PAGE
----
During the Holocaust, the Nazis and their collaborators killed or deported to their deaths most of the Jewish population of Slovenia. Of the approximately 1,400 Jews who lived in Slovenia in 1940, roughly 1,300 were killed during World War II (WWII). After the war, the Federal People’s Republic of Yugoslavia (of which the People’s Republic of Slovenia was a constituent republic) nationalized much of the Jewish property seized by the Nazis. Today, there are an estimated 300 people of Jewish descent in Slovenia, including about 20 active community members in Ljubljana and 30 in Prekmurje, a region in northeast Slovenia.
In addition to the 2009 Terezin Declaration, Slovenia endorsed the 2010 Guidelines and Best Practices for Restitution and Compensation. Although Slovenia has a framework for private property restitution, most Holocaust-era property claims in the country are categorized as heirless property for which there is no provision in the law for restitution or compensation. The country also has no legislation covering the return of Holocaust-era Jewish communal property. Private property restitution provisions included in the Denationalization Act of 1991 required claimants to have had Yugoslav citizenship at the time their property was confiscated, and with some exceptions, it generally excluded property confiscated before 1945. As a result, Slovenian Jewish Holocaust survivors and descendants of those who perished were largely unable to benefit from the law’s property restitution procedures. In 2018, the World Jewish Restitution Organization (WJRO) and the Ministry of Justice agreed to launch a joint research project to establish the scope and value of heirless properties in the country. The research teams expected to complete the study by the end of 2019.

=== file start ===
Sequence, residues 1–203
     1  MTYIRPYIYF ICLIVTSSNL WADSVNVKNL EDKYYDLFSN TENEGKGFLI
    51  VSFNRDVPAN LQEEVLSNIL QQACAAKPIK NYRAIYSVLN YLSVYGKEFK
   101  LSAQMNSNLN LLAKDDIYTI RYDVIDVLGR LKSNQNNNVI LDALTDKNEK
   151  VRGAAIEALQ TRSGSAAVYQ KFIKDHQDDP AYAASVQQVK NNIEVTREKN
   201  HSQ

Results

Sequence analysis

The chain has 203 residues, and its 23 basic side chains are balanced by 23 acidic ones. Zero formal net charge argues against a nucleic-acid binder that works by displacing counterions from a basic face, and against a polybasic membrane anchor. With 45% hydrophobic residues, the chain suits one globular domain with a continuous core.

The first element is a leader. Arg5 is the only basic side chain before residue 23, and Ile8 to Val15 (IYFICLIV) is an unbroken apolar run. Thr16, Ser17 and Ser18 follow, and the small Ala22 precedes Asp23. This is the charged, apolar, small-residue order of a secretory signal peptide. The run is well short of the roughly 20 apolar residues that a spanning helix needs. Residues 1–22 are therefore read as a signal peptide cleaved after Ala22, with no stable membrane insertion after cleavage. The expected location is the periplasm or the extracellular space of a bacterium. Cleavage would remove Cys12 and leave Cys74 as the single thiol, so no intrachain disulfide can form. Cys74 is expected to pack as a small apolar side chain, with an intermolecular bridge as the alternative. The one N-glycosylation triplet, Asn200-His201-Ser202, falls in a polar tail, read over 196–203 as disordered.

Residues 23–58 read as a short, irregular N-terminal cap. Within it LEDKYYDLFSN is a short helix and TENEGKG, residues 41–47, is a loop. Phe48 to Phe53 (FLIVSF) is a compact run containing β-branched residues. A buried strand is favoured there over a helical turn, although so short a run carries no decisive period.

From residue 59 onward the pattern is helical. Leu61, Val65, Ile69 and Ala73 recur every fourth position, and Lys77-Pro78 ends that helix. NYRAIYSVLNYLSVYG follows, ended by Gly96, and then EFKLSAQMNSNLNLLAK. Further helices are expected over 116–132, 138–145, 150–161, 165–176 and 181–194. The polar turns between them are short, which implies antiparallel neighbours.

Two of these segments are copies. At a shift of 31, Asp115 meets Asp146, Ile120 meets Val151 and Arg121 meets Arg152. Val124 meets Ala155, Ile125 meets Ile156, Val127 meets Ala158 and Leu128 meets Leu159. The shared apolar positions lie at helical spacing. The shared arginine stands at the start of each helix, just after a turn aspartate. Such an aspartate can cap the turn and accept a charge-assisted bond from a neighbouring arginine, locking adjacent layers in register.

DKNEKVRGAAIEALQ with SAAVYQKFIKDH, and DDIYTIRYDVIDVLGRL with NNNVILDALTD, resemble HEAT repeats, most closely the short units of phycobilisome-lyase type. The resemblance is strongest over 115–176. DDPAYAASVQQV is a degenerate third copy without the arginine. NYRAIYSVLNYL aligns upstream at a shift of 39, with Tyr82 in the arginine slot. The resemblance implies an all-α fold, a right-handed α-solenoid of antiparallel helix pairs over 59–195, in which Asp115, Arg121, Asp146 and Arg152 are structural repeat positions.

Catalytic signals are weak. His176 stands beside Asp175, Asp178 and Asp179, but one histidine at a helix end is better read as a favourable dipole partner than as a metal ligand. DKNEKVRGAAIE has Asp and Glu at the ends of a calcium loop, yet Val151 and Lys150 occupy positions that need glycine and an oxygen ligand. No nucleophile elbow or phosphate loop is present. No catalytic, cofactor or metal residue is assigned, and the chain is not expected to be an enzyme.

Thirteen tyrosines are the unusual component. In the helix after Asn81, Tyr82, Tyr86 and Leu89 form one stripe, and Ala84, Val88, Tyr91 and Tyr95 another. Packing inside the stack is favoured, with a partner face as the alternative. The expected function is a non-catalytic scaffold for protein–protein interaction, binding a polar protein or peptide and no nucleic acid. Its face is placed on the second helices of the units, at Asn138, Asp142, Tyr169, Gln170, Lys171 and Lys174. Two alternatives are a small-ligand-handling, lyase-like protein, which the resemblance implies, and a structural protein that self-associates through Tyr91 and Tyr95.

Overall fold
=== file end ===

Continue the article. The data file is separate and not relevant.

Immovable Private, Communal/Religious, and Heirless Property
Restitution cases involving private property confiscated after 1946 were subject to procedures under the Criminal Procedure Act. Cases involving private property nationalized by the Communists were subject to restitution procedures under the Denationalization Act of 1991. The 1991 act required claimants to have had Yugoslav citizenship at the time their property was confiscated. Given such requirements, Jewish property owners and their heirs were largely unable to file claims under the act.